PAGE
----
Docoss X1 and Freedom 251 by Ringing Bells are two really cheap smartphones — at least on paper — that have managed to grab attention in India. Docoss X1 costs Rs 888 and offers 4-inch display with 1GB RAM with 4GB storage (32GB expandable), a dual-core processor, Android 4.4 KitKat, a 2 megapixel camera and a 0.2 megapixel front camera. It has a 1300 mAh battery.
Freedom 251 by Ringing Bells was priced at Rs 251 and offered a 4-inch WVGA resolution display, features a 1.3 Ghz quad-core processor, 1GB RAM, 8GB total storage space and a 3.2 megapixel camera on the back. Both the companies share not just the ridiculously cheap pricing, but also the fact that they were both unknown till these products were announced.
While people who managed to book a Freedom 251 are still waiting for the phones to be delivered, Docoss X1 has tried to quell doubts by putting out hands-on videos and photos on its social media channels, which doesn’t really mean much.
In fact, there are unconfirmed reports that Ringing Bells too might actually start deliveries soon. So far all the world has seen in Freedom 251’s case are review units, which were actually re-branded devices from AdCom.
The main concern for many remains the super-low pricing. At the time of the Ringing Bells Freedom 251 launch, we had reported that the mobile industry could not accept the Rs 251 price tag and there are several good reasons for this.
For starters Indian Cellular Association (ICA) president Pankaj Mohindroo had told IndianExpress.com at the time of the Ringing Bells launch that this “pricing is not possible under any circumstances, even if the components are made in India”. He said the bill for material for a product like this would be around $40.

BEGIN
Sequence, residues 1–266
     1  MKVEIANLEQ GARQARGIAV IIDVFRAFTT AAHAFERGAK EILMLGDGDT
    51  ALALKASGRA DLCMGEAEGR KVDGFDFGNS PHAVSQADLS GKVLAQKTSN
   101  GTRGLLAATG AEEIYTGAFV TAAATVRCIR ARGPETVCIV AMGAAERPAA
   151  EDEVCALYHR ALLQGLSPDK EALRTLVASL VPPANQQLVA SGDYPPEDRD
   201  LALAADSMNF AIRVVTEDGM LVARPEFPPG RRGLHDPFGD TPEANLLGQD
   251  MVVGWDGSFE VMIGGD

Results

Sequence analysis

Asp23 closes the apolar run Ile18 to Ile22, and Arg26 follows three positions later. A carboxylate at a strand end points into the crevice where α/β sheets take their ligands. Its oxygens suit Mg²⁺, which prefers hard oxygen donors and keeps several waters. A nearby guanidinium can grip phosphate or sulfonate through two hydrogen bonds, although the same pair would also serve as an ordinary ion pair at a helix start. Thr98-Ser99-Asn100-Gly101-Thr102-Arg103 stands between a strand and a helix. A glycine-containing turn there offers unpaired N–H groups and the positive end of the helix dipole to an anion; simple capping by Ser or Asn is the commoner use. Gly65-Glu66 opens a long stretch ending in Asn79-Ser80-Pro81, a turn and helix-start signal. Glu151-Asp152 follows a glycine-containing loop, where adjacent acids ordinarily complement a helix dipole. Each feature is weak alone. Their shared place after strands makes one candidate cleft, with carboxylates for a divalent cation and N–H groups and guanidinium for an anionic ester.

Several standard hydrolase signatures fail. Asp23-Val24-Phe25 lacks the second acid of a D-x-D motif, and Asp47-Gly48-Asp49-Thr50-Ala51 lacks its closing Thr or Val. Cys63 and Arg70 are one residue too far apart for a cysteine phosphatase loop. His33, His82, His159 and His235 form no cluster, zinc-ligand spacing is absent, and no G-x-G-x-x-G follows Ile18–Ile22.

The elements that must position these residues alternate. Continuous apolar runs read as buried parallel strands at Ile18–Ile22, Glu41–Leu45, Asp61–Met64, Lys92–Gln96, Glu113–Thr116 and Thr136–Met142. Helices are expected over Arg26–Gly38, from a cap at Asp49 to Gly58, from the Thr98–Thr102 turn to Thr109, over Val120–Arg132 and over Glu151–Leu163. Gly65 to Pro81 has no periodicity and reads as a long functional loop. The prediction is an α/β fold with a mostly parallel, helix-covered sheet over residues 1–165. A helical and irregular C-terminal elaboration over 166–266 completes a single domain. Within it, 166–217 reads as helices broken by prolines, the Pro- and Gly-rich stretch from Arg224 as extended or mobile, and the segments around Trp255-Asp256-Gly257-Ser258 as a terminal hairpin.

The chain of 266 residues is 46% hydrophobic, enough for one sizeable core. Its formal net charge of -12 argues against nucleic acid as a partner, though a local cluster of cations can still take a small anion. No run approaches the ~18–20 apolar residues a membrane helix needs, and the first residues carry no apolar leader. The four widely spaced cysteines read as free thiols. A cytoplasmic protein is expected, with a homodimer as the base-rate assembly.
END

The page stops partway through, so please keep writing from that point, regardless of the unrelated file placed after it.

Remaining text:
If you look at the specs of the Docoss X1, which is pretty similar, and assuming that the $40 bill sticks, the price comes to around Rs 2,600. In such cases, even the Rs 888 price-tag raises some serious questions.
As we had explained earlier, phones usually have a bill of material (BoM) cost on top of which comes the manufacturing cost, plus components like taxes and duties, and marketing cost and profits — together making up the final selling price. In offline sales at least, the dealer has a considerable margin — which is why you see large variations in prices of the same product. Of late, the trend has been to subsidise this figure to capture markets, especially India. In the BoM, usually the cellular radio is the costliest — making up about 30% of the cost. With the processor and rest of the circuit, this could go up to 50%. The mechanical parts come next, followed by display, storage/memory and the camera component.
Analyst Sanchit Vir Gogia, CEO & Founder at Greyhound Knowledge Group, had told us at the launch of Freedom 251, that the lowest price point seen so far on a smartphone was $ 28, or about Rs 1,700. Docoss X1 and Freedom 251 are both considerably lower than this price-point.
So what are Ringing Bells and Docoss playing at with this impossible pricing? Someone who has been in this industry for many years, says the kind of publicity a cheap phone gives is unparalleled. And as we have seen with the Freedom 251, the interest among the public was unprecedented. So burning some money to subsidise and deliver a few thousands, or just a hundred-odd devices, might be worth it in the long run as it will help create brand recognition like no ad campaign can.
Also, even if someone decides to sue you for inability to fulfill orders or quality of service, you just need to pay the price you charged for the device for a settlement. It might not be bad business after all.
However, the worrying issue is how companies are using the Make in India campaign to promote products that are made abroad. The government has to crack down on misuse of this label if it has to be taken seriously.